For Votaw Tree Service 1 feel that first and last logos are good.
While an abstract logo many not be a conventional choice for a local company, I would encourage the owner to consider it. The text logo is tiie safe bet, and projects a strong image.
Finally, for Weiss Technical Services I prefer the second logo.
At this time I would want to be gaining name recognition, so the abstract logo loses out. The text-only logo 1 feel lacks any sort of color or distinction.
Until Next Time Structured drawing tools are uniquely suited to the task of creating modern logos. As you can see, Ihe process of rendering logos is not nearly as complex as thinking up the designs. The process of incorporating text in logos is much easier with structured drawing programs than with traditional tools. Tire downside is that most designs created like this have a distinctive "mechanical" feel.
• AC* Please Write to: Dtnt Weiss do Amazing Computing
P. O. Box 2140 Fall River, MA 02722-2140 or via the internet at:
firstname.lastname@example.org The Brillance package actually comes with two
separate but very similar programs, Brilliance and True
Brilliance. Brilliance is a standard register-based paint and
animation program, meaning it works with a defined palette or
2,4, 8,16,32, 64,128, or 256 colors.
True Brilliance offers prettv much the same features but runs in HAM and true color modes. Now true color is a term left open to interpretation. While it technically is not a true 24-bit paint program, it can and does) store all information internally in true color (16 million colors), but its display only goes up to HAMS hi-res.
However this is about as close to true color on an AGA machine as vou can get without a dedicated display board. Many users cannot tell the difference between hi-res HAMS and 24-bit.
Brilliance Yes, it's shipping, after much hype. Digital Creations has created many Amiga standards such as the SuperGen Genlock and DCTV. Now they try to set a new standard in standalone paint systems with the introduction of Brillance. It's brimming with stylish paint features as well as handy animation options. Is it cutting edge or just another paint program to add to the collection? That's what we're going to find out.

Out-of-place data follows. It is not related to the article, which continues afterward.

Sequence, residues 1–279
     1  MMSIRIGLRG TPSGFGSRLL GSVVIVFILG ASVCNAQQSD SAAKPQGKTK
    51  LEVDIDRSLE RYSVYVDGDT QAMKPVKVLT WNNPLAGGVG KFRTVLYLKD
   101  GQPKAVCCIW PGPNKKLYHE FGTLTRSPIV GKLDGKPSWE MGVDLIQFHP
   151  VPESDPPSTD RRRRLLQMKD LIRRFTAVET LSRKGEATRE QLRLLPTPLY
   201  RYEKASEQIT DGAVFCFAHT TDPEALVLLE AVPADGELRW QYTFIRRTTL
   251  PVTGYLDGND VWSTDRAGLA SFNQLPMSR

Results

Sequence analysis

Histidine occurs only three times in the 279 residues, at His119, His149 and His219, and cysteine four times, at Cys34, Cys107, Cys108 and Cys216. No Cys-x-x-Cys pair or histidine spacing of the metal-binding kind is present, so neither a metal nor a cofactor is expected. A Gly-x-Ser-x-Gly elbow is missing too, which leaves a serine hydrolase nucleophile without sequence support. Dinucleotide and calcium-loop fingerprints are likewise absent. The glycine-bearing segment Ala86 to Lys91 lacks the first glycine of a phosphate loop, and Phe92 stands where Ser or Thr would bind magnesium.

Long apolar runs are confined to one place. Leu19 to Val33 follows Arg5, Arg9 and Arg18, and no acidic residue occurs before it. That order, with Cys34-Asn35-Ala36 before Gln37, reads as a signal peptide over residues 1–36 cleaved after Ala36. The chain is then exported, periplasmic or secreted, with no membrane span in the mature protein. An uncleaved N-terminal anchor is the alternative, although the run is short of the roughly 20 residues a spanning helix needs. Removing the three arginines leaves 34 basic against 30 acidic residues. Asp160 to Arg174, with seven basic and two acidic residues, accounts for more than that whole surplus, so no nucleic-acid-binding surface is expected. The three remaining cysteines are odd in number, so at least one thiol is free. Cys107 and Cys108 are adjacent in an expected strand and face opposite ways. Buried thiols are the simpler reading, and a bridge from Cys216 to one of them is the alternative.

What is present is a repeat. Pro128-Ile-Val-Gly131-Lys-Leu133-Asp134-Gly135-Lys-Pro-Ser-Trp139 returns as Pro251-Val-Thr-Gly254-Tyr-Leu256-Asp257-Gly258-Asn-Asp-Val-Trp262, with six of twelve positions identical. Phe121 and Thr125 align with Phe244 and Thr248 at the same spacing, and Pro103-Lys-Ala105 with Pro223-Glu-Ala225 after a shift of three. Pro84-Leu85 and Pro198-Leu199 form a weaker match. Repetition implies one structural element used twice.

You can install either Brilliance or True Brilliance (or both) on to a hard drive or a floppy. However, bolh programs do have two forms of copv protection; a serial number password and a joystick key. The serial number must be entered during the installation process and the small black hardware device must be present in the second joystick port in order to run either program. Hardware dongles, as they were once called, were used at the beginning, but they have faded away for several reasons: they inhibit the user, are subject to getting lost, and are a general inconvenience. Obviously
Digital Creations is protecting their investment but in doing so are putting their concerns first as opposed the end user's. Electronic Arts and numerous other companies removed copy protection from productivity software years ago, and while it obviously lost them some business to pirates, they put the customer's Left: Brilliance main interface screen in AGA HAM8 mode.